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Thomas Houseago sculptures are coming to Yorkshire

04 Feb 2014

The Yorkshire Sculpture Triangle recently won a bid to bring Thomas Houseago sculptures to Yorkshire.

The Yorkshire Sculpture Triangle, the partnership of Yorkshire’s four leading sculpture organisations, announced today that its bid to bring work by world renowned Yorkshire born sculptor Thomas Houseago to the region, as part of the Yorkshire Festival 2014, has been successful.

Houseago, who was born in Leeds and is now based in the Los Angeles, will exhibit two of his monumental sculptures across two sites in Yorkshire during the Tour de France this summer – the very first time a new work by Houseago has been exhibited in Yorkshire.

Spearheaded by the Henry Moore Institute, The Hepworth Wakefield, Leeds Art Gallery and Yorkshire Sculpture Park – the Yorkshire Sculpture Triangle’s submission was one of 50 successful bids to the Yorkshire Festival 2014, the world’s first cultural festival to run during the build up to the Tour de France in Yorkshire. Established to position Yorkshire as the cultural heartland of the UK, the Yorkshire Festival 2014 runs for 100 days from 27 March to 6 July 2014.

The ‘Thomas Houseago win’ is a major component of the Yorkshire Festival 2014 and a coup for the Yorkshire Sculpture Triangle,  which will attract national and international attention for the region.   The bid was a joint initiative by the Yorkshire Sculpture Triangle partners who are located less than 20 miles apart from each other.  The positioning of these two Houseago sculptures across two of the YST sites will provide an opportunity to celebrate Yorkshire creativity and a platform for one of the nation’s finest contemporary sculptors to exhibit alongside the major names of 20th and 21st century sculpture.

Thomas Houseago, renowned for his diverse and monumental works, will exhibit in two diverse locations.  The first sculpture will be placed within Leeds city centre, on a plinth outside Leeds Art Gallery on the Headrow where Le Grand Départ will begin in Yorkshire on 5 July.  The second sculpture will be placed in the stunning backdrop of the Yorkshire Sculpture Park, in West Bretton, near Wakefield, offering an alternative cultural day out to the festivities of the Tour de France.  The works will be unveiled at the end of April 2014.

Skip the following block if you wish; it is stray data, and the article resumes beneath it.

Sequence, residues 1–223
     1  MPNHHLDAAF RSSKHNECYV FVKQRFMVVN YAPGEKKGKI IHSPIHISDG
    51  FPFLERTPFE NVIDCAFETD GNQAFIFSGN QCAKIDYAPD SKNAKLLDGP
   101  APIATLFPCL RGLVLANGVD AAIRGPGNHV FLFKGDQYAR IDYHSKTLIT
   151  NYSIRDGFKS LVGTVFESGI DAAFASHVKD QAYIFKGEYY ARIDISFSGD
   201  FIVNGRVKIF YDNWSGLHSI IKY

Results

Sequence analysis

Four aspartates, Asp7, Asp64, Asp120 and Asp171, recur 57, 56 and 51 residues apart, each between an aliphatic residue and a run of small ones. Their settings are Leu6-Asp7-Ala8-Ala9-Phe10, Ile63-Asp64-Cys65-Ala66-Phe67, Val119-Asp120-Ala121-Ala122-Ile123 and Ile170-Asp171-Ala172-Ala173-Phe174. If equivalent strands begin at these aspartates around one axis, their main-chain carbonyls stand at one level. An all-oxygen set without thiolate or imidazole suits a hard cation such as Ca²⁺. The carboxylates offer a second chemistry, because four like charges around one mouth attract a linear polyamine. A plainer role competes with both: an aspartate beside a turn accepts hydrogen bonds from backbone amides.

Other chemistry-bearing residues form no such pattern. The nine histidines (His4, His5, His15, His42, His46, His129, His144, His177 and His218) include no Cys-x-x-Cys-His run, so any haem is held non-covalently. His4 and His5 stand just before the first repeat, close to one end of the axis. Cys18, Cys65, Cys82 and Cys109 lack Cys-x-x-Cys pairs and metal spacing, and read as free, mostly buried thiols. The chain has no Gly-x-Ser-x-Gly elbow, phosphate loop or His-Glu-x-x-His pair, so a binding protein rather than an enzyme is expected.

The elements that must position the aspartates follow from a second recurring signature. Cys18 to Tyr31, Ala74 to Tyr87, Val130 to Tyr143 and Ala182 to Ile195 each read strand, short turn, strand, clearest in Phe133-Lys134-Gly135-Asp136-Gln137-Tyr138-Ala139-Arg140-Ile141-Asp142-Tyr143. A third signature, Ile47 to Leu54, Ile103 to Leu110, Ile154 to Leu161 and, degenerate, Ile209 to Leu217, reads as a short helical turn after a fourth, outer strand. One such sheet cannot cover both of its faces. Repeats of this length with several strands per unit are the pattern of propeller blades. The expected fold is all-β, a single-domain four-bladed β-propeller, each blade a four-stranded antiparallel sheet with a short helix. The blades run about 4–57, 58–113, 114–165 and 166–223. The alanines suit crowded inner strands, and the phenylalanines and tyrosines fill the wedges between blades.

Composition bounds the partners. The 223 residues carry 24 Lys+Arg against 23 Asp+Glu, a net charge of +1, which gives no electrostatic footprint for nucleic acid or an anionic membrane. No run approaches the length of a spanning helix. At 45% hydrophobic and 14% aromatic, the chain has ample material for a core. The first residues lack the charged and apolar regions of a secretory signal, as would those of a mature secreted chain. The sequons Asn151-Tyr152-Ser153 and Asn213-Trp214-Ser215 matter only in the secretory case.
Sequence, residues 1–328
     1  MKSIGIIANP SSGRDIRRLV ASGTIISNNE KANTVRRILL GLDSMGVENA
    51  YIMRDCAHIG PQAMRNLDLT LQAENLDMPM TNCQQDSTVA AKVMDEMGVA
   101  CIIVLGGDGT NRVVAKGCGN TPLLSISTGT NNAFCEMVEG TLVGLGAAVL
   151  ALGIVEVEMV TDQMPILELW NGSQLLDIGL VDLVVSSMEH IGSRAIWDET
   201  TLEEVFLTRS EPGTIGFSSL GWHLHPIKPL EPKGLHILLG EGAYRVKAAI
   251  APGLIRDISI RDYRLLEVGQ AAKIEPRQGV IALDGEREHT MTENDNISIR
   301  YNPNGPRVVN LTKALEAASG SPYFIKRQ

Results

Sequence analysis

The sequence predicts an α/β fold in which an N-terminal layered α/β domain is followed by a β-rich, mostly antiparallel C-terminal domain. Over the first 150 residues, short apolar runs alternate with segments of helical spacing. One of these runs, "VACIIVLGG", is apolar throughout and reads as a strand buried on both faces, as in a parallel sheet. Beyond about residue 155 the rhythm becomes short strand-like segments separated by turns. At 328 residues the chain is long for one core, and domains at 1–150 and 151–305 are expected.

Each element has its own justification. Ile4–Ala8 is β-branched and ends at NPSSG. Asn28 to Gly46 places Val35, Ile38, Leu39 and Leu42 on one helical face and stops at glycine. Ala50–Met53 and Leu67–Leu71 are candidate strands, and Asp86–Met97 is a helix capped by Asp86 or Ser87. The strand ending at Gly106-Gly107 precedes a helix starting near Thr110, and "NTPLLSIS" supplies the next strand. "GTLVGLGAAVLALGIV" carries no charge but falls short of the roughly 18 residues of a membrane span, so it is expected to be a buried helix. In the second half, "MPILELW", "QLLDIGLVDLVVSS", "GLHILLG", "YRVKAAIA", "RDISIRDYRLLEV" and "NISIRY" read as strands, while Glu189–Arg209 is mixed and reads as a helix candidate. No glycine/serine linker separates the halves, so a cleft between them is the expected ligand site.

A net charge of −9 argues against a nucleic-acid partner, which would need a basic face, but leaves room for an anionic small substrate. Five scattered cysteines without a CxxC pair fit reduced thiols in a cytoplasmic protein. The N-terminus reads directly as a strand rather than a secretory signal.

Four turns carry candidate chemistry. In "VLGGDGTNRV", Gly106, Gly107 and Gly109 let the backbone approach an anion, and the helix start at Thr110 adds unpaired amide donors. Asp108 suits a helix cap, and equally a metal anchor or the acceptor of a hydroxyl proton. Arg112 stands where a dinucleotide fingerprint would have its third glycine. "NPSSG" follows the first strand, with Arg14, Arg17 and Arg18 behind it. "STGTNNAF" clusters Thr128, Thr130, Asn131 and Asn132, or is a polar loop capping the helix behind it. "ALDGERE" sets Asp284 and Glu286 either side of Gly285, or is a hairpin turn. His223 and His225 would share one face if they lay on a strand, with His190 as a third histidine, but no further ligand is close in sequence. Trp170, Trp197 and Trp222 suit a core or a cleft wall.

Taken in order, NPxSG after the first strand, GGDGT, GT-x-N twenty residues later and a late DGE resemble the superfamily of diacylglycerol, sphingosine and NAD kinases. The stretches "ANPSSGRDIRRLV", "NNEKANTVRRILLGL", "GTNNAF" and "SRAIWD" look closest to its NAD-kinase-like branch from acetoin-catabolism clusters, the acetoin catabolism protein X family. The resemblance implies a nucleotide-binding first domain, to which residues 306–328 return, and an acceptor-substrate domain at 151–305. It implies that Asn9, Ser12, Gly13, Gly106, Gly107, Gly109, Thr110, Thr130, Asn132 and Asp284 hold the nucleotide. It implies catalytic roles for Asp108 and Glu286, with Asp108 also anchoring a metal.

Houseago’s work is best known for its colossal proportions with pieces regularly topping three metres. His sculptures are often cited as being ‘hulking’ and depicting giant dishevelled figures with mythical proportions.  Houseago’s inspirations range from Darth Vader, Jacob Epstein and African art, through to his experience of growing up in Yorkshire and the legacy of Leeds’ culture and local imagery.   The sculpture on the Headrow is a new work – a gargantuan and striding figure reflecting the frenetic bustle of this urban landscape.  Yorkshire Sculpture Park will present a second Houseago sculpture, an owl’s head cast in bronze on a redwood plinth, reflecting the artist’s interest in natural forms and forces and echoing the symbol of Leeds.

Houseago’s work is both intriguing and provocative, and the creation and journey of these works will be recorded in film and used to communicate and build the anticipation of the works’ arrival in Yorkshire.  The Yorkshire Sculpture Triangle will be devising a wide-ranging learning programme for all age groups to explore the context, making and experience of these major works.

Born in 1972, Houseago studied art at Jacob Kramer Foundation College (now Leeds College of Art) and London’s Central Saint Martins College, and eventually moved to Los Angeles where he is now based.  Previous exhibitions include Storm King Art Centre, New York; Galleria Borghese, Rome (2013); The Centre International d’Art et du Paysage de l’Ile de Vassivière, Vassivière; Museum Abteiberg (2011), Modern Art Oxford (2010), S.M.A.K., Ghent (2003) and the Stedelijk Museum, Amsterdam (1996).

In 2013, Houseago said ‘Yorkshire is the root of my creativity’, an assertion this commission celebrates and shares with the region.